Coloured Digger march

Coloured Digger march

Redfern Anzac march and service

Aboriginal and Torres Strait Islander peoples have actively served in the Australian military since the Boer War. The Coloured Digger group first marched in Redfern on Anzac Day in 2007.

The group's founder and organiser, Pastor Ray Minniecon says "we've always welcomed anyone to the Redfern march who wants to show their respect to our diggers ... they're the untold story, the unsung heroes of our country, and we need to ensure we all give them due recognition, respect and honour".

In the past, when Aboriginal and Torres Strait Islander servicemen and women returned home from war, they marched at the end of the lines on Anzac Day.

"What I'd like to see here in Sydney, one year, is our diggers leading the main march in the city.

"It would be a huge honour for the Aboriginal and Torres Strait Islander diggers of NSW to do that, and it might also draw out some of the diggers who, for personal reasons, have chosen not to be a part of the Anzac Day commemorations in the past," Pastor Minniecon says.

Visit Facebook to find out more about the Coloured Digger group

The City has supported the Coloured Digger Anzac March since 2014 with $5,000 cash and in-kind support.

Honouring our unsung war heroes

Ahead of the Gallipoli landings centenary in 2015, the City commissioned Aboriginal artist Tony Albert to create a public artwork in Hyde Park honouring Aboriginal and Torres Strait Islander servicemen and women.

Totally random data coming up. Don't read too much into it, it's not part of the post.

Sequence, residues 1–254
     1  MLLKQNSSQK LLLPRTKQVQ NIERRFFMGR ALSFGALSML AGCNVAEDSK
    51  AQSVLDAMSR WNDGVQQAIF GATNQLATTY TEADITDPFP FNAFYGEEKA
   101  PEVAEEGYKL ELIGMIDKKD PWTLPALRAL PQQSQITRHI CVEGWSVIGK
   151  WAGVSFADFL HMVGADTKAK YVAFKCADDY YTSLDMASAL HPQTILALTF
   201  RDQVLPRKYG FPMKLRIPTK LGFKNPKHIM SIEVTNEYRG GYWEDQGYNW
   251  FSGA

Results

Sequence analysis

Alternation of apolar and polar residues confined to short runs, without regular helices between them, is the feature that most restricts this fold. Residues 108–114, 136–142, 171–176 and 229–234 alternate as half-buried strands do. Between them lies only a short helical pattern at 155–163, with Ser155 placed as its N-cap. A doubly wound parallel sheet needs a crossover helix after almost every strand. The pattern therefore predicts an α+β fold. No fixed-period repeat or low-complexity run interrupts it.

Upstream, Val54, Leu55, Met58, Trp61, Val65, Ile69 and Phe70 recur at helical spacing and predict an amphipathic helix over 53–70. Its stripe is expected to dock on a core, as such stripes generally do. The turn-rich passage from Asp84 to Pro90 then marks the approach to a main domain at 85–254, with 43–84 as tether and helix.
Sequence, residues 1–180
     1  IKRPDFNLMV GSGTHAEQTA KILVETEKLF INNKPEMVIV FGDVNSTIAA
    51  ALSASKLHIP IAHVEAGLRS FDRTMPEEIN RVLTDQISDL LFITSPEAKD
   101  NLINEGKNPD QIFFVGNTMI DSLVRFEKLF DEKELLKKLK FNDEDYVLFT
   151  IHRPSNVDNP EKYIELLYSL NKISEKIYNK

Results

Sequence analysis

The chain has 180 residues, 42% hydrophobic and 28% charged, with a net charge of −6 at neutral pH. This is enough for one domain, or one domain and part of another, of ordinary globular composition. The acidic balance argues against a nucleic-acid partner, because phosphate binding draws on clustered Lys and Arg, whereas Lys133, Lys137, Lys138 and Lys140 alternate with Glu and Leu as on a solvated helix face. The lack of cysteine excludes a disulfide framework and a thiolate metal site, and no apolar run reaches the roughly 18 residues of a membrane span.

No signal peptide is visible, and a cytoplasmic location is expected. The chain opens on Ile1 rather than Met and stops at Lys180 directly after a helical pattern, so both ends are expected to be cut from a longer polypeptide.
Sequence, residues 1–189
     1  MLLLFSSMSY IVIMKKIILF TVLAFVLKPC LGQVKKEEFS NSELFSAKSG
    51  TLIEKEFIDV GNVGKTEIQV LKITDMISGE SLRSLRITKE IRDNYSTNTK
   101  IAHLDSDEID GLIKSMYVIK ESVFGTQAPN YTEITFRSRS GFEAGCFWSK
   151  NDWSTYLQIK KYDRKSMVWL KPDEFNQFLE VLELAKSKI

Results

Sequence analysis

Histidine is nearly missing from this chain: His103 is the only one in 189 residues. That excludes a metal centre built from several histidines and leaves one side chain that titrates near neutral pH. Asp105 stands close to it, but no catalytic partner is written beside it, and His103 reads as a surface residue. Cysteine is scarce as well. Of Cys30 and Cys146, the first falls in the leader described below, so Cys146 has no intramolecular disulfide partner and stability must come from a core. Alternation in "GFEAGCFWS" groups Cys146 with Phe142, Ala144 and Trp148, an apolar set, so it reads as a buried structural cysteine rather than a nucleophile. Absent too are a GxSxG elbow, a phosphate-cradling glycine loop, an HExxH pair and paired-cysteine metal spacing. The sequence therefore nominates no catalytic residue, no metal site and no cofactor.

Yininmadyemi (Thou didst let fall) is comprised of 4 standing bullets at 7m tall, to represent those who survived and 3 fallen shells in remembrance of those who made the ultimate sacrifice in service of their country.

The dramatic sculpture work is inspired by Mr Albert's grandfather and his story about how he and 6 soldiers escaped from a prisoner of war camp in Germany during Word War II, only to be caught by Italian soldiers who lined them up to be executed.

The artwork in Hyde Park south is near the Anzac Memorial and the site has historical significance for Aboriginal and Torres Strait Islander communities – it was once a ritual contest ground, a crossroads for traditional walking trails and an important site for ceremony, gathering and camping.

Mr Albert's family are Girrimay, Yidinji and Kuku Yalandji, from far north Queensland.

Images: Courtesy of the Coloured Diggers

Ray Finn representing the Light Horse

Ray Finn representing the Australian Light Horse at the Coloured Digger Anzac march.

Last updated: Tuesday, 26 April 2016